I wrote those lines after describing life at Chartwell and the wonderful Christmases we had there. As life went on and I became a teenager I began to know that life wasn’t a Garden of Eden, and it was disquieting to me because of my idyllic childhood at Chartwell. The first time I saw my mother cry was one of the most traumatic moments of my young life. I had very rarely seen grown-ups cry and to see this beautiful woman whom I loved and admired, and also rather feared, weeping and completely disintegrated with grief was a terrible shock to me. I saw my parents a lot because we children were never kept away in the nursery wing, and also I was very much the Benjamin, so I strayed around all over the house and never felt I was excluded from my parents’ life when they were at Chartwell. I went to day school; I was never sent away to boarding school, and those parts of my life that my mother didn’t take personal part in she organized with perfection. I also had the most wonderful duenna figure in my life, a first cousin of my mother’s who came when I was a baby to look after me and stayed right through until I went away to the war; and so when my parents were absent I still had a wonderfully secure life. I adored Chartwell, believing that it was a very large house and a beautiful house; of course now I see that it isn’t a very large house and it certainly isn’t a beautiful one, but I do look back at my childhood as bathed in golden sunshine.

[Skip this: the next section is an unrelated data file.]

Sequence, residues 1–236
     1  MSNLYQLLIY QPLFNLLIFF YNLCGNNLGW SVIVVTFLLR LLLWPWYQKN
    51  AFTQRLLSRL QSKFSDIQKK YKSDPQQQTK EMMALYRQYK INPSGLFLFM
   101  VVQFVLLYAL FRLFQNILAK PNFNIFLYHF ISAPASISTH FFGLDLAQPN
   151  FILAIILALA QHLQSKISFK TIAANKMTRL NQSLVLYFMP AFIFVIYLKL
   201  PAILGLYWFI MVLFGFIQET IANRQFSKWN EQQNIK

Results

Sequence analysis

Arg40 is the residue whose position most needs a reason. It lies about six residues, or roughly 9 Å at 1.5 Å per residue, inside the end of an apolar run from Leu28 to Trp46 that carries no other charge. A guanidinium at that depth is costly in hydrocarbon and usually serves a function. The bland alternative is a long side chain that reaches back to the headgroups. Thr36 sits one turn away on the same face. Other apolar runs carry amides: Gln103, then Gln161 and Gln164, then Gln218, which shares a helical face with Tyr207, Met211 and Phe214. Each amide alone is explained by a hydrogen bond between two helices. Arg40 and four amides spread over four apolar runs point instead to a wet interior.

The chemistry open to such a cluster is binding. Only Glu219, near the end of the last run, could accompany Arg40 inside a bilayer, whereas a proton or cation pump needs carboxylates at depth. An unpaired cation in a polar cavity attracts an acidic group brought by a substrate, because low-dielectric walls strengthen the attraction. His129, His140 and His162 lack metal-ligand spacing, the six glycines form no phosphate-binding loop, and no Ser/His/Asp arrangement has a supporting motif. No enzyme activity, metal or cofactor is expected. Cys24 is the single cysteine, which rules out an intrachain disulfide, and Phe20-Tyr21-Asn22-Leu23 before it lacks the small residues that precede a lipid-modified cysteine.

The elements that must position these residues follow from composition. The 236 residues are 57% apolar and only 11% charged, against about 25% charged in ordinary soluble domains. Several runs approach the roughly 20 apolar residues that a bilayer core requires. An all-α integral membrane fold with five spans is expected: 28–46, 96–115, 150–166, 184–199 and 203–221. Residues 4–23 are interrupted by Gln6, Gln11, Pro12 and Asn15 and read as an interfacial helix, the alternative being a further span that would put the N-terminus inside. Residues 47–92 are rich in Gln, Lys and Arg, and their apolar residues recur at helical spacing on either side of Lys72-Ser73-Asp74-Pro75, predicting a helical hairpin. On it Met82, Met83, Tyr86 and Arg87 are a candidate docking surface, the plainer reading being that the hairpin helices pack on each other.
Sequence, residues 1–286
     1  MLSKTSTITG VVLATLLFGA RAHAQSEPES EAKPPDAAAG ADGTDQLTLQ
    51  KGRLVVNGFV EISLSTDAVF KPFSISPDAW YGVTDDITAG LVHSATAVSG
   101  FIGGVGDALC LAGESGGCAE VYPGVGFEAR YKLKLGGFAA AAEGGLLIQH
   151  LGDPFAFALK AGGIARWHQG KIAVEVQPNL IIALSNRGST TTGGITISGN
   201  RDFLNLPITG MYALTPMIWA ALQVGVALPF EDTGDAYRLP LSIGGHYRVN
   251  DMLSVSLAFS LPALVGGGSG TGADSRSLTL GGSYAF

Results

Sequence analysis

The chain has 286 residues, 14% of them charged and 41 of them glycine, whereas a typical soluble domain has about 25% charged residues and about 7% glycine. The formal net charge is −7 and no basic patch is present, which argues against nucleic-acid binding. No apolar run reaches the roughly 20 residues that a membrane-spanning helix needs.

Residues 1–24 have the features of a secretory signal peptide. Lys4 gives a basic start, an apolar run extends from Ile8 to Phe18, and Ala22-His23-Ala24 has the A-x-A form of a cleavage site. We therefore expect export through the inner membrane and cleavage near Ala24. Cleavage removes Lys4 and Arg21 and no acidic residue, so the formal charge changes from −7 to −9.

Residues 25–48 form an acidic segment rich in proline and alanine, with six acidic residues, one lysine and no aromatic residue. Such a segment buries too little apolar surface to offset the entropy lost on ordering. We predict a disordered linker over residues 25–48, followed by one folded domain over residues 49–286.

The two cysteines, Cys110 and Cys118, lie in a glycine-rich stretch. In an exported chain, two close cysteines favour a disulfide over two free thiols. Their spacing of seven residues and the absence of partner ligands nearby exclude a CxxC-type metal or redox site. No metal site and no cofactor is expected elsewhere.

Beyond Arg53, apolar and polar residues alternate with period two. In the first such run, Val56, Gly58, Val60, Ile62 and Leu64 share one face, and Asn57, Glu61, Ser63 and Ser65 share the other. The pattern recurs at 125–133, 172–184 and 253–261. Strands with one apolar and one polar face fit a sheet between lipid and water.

As the youngest child you were perhaps the one to benefit most from the stability that Chartwell offered. How important do you think that was in later life?